Adam Jonas, head of auto research at Morgan Stanley, is predicting the end of the auto industry “as we know it.” Or, at least, that’s what Business Insider is reporting–Jonas’ actual article appears to be behind a paywall.
As near as the Antiplanner can tell, what Jonas is actually saying is that self-driving cars will completely change the auto industry, and industry analysts who fail to account for that change will lose out. The actual title of Jonas’ article is “Death of an Auto Analyst.”
According to the report, Jonas “sees a world in which everyone rents a car instead of owning one.” This means the industry will have to change from one that sells cars to consumers to one that sells cars to car-sharing firms that rent them to consumers. He may believe that this will change the dynamics of auto making such that, for example, style becomes less important than functionality.
After going to the effort of writing an environmental impact statement in order to be eligible for a federal Railroad Rehabilitation and Improvement Financing loan, All Aboard Florida has suddenly switched tracks and says it wants a private activity bond instead. Private activity bonds are issued by cities or states, but the funds are given to private entities that are responsible for repaying them–for this reason, they are sometimes called conduit bonds.
Since they are issued by a government entity, they are tax exempt. Yet the private companies that get the funds range from American Airlines, which built new terminals at JFK and other airports, to Transurban, which built HOT lanes on Virginia’s I-495. The tax exemption allows bond issuers to pay lower interest rates, giving companies that receive such bonds an advantage over their competitors. The tax exemption is also controversial, as it effectively costs the federal government money.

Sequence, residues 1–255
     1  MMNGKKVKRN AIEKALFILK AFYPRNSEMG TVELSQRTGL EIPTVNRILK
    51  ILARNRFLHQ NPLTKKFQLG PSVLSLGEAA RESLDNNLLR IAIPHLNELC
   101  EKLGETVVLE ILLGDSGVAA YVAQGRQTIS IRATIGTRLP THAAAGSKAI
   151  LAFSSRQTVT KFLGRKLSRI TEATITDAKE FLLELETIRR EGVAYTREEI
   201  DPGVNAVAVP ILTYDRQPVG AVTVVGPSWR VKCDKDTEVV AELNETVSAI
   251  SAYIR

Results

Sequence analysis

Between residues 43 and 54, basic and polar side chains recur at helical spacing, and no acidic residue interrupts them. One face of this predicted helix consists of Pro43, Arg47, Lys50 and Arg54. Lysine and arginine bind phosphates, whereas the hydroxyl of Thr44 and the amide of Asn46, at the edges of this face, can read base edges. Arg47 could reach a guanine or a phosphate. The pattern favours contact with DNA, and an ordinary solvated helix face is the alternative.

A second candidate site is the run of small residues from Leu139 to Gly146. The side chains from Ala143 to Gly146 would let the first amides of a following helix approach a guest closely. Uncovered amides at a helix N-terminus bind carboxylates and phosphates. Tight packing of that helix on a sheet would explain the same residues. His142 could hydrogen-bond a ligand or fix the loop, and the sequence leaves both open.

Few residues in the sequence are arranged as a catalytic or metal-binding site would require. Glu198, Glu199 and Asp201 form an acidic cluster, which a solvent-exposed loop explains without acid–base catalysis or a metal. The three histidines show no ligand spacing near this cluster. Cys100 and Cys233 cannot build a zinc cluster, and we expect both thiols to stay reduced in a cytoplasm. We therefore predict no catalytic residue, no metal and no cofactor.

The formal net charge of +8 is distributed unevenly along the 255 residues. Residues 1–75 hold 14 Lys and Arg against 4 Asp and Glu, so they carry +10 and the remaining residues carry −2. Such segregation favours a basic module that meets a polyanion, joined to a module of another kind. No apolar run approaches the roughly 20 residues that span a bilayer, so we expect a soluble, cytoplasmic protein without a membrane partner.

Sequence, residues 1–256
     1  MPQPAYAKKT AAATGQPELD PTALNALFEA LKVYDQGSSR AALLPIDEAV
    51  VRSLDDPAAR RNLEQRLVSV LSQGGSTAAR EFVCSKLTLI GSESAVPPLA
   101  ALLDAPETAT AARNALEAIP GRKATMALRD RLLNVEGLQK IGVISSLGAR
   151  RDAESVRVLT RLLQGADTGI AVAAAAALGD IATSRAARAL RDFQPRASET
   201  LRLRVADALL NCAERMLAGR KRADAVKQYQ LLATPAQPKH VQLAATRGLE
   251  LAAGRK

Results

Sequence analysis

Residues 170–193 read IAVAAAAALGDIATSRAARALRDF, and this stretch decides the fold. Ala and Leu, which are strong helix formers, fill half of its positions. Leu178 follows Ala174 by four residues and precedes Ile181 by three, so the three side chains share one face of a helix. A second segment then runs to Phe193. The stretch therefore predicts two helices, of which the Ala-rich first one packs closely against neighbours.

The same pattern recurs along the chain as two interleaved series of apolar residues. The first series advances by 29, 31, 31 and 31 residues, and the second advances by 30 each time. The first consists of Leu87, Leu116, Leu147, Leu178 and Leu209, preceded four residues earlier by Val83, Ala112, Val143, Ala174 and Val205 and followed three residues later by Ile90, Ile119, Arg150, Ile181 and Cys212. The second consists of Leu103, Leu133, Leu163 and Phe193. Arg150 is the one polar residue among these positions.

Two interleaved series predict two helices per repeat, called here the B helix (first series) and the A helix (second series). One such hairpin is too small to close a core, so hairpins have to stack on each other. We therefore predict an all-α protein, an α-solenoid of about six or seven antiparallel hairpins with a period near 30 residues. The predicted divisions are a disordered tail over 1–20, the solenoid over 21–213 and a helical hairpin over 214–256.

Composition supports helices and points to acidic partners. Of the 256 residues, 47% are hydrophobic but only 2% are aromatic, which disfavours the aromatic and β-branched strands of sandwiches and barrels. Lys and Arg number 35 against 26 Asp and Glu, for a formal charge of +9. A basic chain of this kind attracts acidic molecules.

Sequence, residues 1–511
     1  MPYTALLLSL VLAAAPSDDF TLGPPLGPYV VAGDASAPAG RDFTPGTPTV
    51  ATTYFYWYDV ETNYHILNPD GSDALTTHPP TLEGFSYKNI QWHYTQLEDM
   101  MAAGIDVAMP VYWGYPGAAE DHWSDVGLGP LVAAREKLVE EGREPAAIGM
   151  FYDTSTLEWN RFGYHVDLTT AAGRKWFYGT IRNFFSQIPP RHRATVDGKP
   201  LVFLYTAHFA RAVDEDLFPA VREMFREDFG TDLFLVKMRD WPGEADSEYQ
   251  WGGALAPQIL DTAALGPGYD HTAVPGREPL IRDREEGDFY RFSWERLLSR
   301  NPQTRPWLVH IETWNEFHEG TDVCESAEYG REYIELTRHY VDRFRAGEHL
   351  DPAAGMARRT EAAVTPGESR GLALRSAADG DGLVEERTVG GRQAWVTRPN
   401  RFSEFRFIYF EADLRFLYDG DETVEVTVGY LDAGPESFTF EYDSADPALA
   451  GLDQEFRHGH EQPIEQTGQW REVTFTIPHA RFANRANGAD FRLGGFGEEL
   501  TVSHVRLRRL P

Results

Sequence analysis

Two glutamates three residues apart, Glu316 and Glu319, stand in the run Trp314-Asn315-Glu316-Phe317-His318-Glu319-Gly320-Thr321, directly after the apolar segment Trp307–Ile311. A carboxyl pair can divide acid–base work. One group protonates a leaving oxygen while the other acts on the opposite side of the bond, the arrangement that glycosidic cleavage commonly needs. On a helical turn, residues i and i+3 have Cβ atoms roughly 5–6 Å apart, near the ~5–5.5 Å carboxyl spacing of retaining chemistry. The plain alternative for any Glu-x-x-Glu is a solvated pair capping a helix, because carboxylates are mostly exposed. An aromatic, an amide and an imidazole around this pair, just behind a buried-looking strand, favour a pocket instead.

All Aboard Florida, which is part of the Florida East Coast Railway, promises to build a moderately high-speed (110-125 mph) rail project without any subsidies. Yet it also wants government loans of one sort or another to do it. It has already issued $405 million in bonds paying a whopping 12 percent interest–which one critic notes puts them in junk bond territory–with the up-front expectation that the bonds will be repaid out of a much lower interest $1.6-billion loan that the company expects to get from the federal and/or state governments.
Given that President Obama supports high-speed rail and noted fiscal conservative Robert Poole, of the Reason Foundation, has specifically endorsed All Aboard Florida, why would the company suddenly switch from the planned RRIF loan to a private activity bond? The company’s press release emphasized that the new bonds wouldn’t pose any risk for taxpayers, suggesting that company was sensitive to local critics who claimed that the RRIF loan could leave taxpayers holding the bag when the company defaulted.
Another possibility is that the Federal Railroad Administration let the Florida company know that full funding of the proposed RRIF loan was unlikely. This would have been the largest RRIF loan in history and one of the few dedicated to passenger rail.
The Antiplanner remains suspicious that running sixteen trains a day in each direction between Miami and Orlando is not really a viable project. If it truly were viable, would Florida East Coast really need to get tax-subsidized loans to make it work? Why doesn’t it save itself the trouble and red tape that comes with federal or state support and simply go to the truly private bond market? I suspect the answer is that not enough private investors would have faith in the company’s ridership and fare projections to fully fund the project.
A new Reason Foundation review of the condition of state highways (which includes interstates) finds that, in general, they are improving. Highways are doing particularly well in Georgia, Kansas, Missouri, Nebraska, Ohio, and Texas. However, highways in Alaska, California, Hawaii, Massachusetts, Michigan, and New Jersey are faring poorly.
“A widening gap seems to be emerging between most states that are making progress, and a few states that are finding it difficult to improve,” says the report. Moreover, “There is also increasing evidence that higher-level road systems (Interstates, other freeways and principal arterials) are in better shape than lower-level road systems, particularly local roads.”